What Are Stablecoins?
Stablecoins are a form of cryptocurrency whose value is pegged to an underlying asset, such as fiat currencies, other cryptocurrencies, or commodities. This feature aims to make stablecoins relatively resilient to market fluctuations. Due to this, stablecoins are commonly used to facilitate commercial transactions and exchanges.
Types of Stablecoins
Fiat-collateralised stablecoins are the most common form of stablecoins. They are usually pegged to a certain fiat currency, such as USD, GBP, or euro with a one-to-one ratio. For example, if a stablecoin is pegged to the USD, one unit of that particular stablecoin is equal to US$1.
Instead of a fiat currency as collateral, crypto-backed stablecoins have cryptocurrencies locked up as collateral. Although this is conceptually similar to fiat-backed stablecoins, the crypto assets in a crypto-backed stablecoin use smart contracts. This allows the stablecoin to maintain its price stability through supplementary instruments and incentives.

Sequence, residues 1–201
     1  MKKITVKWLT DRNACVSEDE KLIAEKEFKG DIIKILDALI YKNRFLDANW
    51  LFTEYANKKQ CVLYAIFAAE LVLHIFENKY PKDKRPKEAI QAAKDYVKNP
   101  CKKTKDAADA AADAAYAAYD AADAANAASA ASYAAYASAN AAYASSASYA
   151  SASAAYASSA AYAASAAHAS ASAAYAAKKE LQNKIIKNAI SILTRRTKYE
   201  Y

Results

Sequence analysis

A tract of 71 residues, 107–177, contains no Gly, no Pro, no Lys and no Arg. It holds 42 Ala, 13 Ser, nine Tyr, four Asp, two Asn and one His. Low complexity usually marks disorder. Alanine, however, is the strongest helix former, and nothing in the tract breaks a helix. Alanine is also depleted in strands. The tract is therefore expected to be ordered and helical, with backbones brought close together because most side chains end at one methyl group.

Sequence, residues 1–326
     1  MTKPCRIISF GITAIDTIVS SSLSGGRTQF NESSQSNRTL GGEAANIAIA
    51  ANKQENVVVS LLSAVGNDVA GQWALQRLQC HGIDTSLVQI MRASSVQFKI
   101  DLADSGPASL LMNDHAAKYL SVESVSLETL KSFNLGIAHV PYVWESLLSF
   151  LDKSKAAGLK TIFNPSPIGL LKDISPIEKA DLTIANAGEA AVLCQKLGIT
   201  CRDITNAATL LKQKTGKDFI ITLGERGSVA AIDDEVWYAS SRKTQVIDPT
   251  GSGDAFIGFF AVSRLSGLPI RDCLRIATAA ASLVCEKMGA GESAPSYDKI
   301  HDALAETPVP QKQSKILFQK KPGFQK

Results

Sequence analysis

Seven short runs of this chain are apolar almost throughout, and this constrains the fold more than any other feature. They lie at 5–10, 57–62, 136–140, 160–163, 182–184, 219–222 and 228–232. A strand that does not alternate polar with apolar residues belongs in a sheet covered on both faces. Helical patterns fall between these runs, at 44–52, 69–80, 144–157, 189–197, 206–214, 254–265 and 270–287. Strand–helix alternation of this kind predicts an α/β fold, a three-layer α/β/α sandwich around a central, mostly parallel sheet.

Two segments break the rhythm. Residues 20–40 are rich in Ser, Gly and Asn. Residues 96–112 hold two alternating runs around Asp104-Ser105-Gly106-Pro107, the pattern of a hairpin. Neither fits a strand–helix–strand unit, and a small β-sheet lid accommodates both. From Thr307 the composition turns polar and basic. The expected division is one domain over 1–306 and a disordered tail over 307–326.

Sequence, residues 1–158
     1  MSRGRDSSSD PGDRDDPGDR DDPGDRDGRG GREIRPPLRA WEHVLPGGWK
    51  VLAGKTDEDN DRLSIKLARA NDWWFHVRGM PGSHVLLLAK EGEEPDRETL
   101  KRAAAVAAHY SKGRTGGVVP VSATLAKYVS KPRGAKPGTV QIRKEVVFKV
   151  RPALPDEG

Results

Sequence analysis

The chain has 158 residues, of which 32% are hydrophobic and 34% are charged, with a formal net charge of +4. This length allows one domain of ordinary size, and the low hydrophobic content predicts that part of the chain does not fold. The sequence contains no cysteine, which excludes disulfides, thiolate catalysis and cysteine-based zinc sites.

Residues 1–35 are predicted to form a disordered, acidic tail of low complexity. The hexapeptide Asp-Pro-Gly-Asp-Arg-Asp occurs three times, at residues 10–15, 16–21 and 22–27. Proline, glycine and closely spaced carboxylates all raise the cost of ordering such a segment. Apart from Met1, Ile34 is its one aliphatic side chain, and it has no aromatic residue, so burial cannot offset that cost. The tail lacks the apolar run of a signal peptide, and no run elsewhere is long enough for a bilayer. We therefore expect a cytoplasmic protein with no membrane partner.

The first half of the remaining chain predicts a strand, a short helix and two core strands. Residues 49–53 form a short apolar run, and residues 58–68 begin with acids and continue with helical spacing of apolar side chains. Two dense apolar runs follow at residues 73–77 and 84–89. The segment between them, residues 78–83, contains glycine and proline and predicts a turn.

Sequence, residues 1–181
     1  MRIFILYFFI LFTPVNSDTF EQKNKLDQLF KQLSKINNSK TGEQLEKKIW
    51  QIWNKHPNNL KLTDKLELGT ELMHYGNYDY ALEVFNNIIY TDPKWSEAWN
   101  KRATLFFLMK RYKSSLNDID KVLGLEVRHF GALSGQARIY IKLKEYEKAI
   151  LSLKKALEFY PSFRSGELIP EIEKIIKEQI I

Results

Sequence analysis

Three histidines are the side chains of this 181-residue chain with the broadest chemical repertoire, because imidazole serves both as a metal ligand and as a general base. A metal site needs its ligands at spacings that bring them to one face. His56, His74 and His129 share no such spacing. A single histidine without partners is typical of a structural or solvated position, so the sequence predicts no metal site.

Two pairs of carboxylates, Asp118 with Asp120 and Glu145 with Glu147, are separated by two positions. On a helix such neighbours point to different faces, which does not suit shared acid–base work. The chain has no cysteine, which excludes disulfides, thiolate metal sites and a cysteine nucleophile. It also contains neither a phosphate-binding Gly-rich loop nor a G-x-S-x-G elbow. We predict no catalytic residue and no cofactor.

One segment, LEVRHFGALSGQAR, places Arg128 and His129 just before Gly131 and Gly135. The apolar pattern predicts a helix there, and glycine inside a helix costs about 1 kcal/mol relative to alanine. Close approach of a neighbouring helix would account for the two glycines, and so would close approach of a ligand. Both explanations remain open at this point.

Commodity-backed stablecoins are a blockchain-based representation of commodities, which are backed by a reserve in a central entity. This type of stablecoin is collateralised using tangible assets, such as precious metals, real estate, and oil. Gold is the most commonly collateralised commodity.
Non-collateralised stablecoins (Algorithmic stablecoins)
Non-collateralised stablecoins, such as algorithmic stablecoins, do not have the backing of any assets or collateral. Instead, they rely on complex algorithms to maintain the stability of prices. Using smart contracts, each algorithm balances the supply and demand of the stablecoin to maintain price stability.